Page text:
Training has been delivered virtually for more than two decades. If an organization did not have a plan for remote delivery before 2020 (the year that we would all like to forget), then they probably do by now.

The advantages of training attendees remotely are difficult to dismiss. There are no locations to reserve, no travel costs, no sandwiches to order, and in most cases, you can wear shorts to class. Unfortunately, the downside to remote learning is maintaining engagement with your group. One moment your chat is lighting up and attendees telling each other “Good morning,” and the next moment you’re not sure if anyone is paying attention, or worse, even there.

Trainers and facilitators have been compelled to up their game. While your presenter may be a subject matter expert (SME), there is no assurance that your attendees will stay tuned in. Business marches on though, and an active development program is critical to attract and retain, as well as train, employees. Necessity has led to invention at our firm and through much trial and error, we’ve arrived at a place where not only are people sticking around for the entire hour, but they’re usually eager to show up.

Among the many groups that we’re asked to deliver content to, our team leaders rank among the most vital. Despite economic challenges and a tight talent market, our company continues to expand. Every month, new names are added to the list of employees who are responsible for other employees. We’re all aware that effective leadership is a skill that needs to be developed and nurtured.

Without a program to help build efficient, productive, high-performing teams, growth will stagnate, and the competition will happily step in to provide a better service. Our team leaders need and deserve the best training experience possible. Through a series of common sense, thoughtful measures, we’ve taken our virtual training in a direction where attendees interact and felt heard.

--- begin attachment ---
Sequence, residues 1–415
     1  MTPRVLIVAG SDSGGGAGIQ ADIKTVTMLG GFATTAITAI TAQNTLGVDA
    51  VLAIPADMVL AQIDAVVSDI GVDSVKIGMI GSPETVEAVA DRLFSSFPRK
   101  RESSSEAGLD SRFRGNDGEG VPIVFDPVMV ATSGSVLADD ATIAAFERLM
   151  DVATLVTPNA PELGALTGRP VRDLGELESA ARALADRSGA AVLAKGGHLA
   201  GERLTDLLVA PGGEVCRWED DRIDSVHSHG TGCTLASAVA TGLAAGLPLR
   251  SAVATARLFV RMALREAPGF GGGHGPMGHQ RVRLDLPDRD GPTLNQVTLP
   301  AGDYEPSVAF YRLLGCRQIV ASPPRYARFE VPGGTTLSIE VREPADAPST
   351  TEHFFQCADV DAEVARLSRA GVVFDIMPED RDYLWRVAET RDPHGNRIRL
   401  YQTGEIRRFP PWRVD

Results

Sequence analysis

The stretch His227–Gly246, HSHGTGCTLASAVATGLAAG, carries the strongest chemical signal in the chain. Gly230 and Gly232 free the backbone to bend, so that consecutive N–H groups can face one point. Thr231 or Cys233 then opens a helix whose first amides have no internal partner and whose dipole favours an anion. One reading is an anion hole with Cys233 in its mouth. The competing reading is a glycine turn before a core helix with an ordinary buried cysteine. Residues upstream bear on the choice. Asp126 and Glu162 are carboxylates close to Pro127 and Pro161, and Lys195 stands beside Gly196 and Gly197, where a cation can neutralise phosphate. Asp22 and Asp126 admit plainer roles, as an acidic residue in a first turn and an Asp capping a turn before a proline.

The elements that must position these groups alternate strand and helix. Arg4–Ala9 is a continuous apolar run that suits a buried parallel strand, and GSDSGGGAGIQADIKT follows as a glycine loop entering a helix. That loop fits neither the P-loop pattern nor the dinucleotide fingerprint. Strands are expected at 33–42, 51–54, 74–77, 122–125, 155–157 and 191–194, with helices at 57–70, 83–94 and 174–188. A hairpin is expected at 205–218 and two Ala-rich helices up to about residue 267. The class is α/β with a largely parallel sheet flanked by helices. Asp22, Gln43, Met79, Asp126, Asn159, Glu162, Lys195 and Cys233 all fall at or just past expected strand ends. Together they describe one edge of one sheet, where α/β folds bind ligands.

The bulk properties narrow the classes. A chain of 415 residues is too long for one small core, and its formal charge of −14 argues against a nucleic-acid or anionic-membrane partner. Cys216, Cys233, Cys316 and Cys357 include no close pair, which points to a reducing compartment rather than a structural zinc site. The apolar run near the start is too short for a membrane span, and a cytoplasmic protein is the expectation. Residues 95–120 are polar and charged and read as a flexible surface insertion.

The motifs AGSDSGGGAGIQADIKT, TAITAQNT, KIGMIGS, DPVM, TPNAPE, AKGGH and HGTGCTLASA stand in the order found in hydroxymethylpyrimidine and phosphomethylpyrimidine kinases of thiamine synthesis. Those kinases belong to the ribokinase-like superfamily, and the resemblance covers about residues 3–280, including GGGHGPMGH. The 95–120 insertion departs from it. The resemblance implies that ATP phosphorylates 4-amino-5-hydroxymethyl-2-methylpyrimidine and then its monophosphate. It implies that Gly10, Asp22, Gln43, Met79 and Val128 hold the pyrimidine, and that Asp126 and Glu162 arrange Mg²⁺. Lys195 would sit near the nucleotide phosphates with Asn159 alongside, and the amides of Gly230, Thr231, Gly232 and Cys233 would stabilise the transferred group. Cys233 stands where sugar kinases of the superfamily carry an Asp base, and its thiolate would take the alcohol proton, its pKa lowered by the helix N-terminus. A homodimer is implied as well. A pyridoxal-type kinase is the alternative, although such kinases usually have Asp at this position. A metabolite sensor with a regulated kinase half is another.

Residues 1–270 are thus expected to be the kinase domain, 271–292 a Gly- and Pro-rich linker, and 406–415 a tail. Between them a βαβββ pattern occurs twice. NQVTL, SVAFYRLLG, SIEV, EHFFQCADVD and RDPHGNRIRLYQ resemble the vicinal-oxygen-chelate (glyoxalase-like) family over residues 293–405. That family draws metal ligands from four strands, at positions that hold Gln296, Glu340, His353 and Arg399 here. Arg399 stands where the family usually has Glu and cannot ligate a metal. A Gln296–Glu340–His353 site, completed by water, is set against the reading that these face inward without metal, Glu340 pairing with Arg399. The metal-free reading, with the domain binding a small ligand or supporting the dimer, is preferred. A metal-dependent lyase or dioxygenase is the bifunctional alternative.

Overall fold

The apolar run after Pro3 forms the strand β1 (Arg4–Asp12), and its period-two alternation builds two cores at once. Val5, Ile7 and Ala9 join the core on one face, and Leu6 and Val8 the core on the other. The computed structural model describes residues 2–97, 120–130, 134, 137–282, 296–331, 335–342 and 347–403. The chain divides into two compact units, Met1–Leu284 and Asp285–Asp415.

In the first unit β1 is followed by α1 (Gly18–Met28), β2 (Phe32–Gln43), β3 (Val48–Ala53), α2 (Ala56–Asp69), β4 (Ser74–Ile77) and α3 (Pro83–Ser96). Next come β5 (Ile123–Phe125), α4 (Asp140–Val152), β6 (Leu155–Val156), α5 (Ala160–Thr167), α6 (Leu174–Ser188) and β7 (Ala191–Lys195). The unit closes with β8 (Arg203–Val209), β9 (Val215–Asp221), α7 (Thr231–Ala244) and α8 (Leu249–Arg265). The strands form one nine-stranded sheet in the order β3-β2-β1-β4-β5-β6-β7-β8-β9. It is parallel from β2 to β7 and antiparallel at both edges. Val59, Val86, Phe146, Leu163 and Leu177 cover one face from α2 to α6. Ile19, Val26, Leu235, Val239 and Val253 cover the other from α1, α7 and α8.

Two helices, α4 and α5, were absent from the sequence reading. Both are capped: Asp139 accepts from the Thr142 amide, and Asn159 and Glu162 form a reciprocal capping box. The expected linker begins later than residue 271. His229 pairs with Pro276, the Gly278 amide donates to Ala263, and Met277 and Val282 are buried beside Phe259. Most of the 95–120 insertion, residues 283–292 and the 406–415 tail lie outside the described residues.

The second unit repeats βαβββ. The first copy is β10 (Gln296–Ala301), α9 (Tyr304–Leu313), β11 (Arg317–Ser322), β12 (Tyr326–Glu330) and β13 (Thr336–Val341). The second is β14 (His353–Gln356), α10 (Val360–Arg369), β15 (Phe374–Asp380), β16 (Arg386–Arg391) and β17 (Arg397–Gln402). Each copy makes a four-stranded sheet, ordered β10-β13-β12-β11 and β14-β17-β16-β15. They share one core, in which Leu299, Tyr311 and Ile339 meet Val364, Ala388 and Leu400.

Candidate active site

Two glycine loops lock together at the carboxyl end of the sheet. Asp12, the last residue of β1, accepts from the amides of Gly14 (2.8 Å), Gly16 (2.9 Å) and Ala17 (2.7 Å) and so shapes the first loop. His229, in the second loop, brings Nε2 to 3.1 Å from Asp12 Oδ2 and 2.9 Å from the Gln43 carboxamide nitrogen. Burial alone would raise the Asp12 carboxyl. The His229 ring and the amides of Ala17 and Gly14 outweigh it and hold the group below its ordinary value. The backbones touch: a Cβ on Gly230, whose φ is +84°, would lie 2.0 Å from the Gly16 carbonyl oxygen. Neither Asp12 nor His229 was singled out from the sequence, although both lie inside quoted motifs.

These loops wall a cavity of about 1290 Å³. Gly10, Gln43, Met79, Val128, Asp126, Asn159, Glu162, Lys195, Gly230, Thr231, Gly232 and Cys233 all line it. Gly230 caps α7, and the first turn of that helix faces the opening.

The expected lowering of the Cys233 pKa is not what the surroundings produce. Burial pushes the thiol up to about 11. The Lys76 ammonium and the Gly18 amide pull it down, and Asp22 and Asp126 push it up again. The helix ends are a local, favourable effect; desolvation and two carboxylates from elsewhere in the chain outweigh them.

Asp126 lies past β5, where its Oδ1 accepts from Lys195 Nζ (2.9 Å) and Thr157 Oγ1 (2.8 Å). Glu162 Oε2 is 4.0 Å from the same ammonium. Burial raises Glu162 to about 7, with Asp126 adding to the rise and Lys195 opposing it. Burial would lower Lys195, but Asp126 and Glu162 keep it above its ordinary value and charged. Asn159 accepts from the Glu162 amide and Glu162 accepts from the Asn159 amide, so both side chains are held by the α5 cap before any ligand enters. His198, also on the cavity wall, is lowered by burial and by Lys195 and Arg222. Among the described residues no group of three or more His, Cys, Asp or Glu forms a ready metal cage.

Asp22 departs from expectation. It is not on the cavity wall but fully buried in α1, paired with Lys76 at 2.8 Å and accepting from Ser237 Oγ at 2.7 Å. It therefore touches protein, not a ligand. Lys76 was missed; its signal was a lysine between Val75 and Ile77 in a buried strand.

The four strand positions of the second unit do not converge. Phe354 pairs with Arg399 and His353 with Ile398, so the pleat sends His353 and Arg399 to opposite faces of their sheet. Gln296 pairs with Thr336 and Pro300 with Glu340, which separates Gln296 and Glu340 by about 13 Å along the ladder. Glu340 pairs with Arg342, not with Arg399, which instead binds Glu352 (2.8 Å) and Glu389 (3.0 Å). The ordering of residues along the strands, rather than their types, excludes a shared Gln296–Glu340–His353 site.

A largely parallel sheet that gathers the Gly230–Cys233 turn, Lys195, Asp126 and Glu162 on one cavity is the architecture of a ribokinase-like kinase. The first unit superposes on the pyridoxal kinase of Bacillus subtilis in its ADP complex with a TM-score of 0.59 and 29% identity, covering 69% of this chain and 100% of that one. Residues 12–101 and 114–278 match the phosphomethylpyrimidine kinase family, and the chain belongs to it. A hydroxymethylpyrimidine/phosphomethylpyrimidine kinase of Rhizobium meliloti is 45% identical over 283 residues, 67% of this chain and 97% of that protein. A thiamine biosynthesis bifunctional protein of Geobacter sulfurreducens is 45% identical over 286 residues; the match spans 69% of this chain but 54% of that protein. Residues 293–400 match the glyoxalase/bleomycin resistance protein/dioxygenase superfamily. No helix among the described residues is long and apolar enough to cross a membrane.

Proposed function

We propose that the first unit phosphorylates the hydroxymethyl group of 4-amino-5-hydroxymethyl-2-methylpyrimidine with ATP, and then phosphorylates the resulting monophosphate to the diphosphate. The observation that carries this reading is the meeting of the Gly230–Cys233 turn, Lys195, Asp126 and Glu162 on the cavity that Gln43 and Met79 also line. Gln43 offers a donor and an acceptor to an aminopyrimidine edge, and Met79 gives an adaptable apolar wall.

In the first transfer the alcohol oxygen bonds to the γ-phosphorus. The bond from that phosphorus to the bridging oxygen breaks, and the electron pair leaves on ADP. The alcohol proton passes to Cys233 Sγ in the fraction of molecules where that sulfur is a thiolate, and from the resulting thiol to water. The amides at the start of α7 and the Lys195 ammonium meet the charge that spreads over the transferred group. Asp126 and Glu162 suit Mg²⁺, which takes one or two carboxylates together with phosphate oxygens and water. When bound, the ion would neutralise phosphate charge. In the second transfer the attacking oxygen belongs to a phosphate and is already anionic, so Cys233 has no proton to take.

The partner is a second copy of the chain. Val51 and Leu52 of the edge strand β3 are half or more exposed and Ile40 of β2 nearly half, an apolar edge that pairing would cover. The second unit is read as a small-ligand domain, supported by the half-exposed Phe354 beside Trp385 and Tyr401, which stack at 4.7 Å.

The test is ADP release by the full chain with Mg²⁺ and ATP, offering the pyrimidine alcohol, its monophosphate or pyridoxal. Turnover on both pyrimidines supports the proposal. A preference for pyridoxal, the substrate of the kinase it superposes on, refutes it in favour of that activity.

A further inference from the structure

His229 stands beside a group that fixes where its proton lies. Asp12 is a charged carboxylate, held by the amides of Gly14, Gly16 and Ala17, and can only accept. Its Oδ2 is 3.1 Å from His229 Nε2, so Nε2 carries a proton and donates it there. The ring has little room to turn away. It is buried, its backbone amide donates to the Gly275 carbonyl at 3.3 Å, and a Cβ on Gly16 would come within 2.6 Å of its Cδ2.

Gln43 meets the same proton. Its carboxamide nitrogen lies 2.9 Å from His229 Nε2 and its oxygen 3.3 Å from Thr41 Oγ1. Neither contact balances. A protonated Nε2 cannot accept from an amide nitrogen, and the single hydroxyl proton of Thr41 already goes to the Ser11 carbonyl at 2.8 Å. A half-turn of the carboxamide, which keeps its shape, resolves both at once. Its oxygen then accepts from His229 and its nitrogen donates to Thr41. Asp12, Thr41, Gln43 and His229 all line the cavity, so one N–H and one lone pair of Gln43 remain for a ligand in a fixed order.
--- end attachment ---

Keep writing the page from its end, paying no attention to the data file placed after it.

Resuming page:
To begin with, selection of content should address the development demands of your teams and closely speak to current business imperatives. If your training team creates a session that focuses on internal communication when your company’s real need is recruitment, then you’re already at a disadvantage. To bring those needs into focus, the practice of holding ongoing conversations with your leaders needs to happen.

As training professionals, we must discern what the best return will be for most attendees. An added benefit of working closely with those we’re training is creating a sense of buy-in, which can go a long way in generating interest.

Know that modern slide deck is a far cry from what we were accustomed to seeing the early days. Research ideas for best practices on font selection, background design and transitions. Slides should be clean, easy to read and display thoughts instead of bullet lists. Someone will ask: “Will these slides be available later?” Have your finer points in the notes section when you send.

Meeting Invites

To say most of us are inundated with email would be considered a comical understatement. Your lowly invitation is now vying for attention from other emails, instant messages and mobile device notifications. Here’s where you’ll need to put your marketing hat on and draft an eye-catching subject line. Instead of using “Recruiting Training” in the subject line, you may try something a little catchier like “Becoming a Networking Black Belt.” Adding details in the body of the invite is important, but research indicates many of us aren’t taking the time to read beyond the subject line. Make it count!

The Tech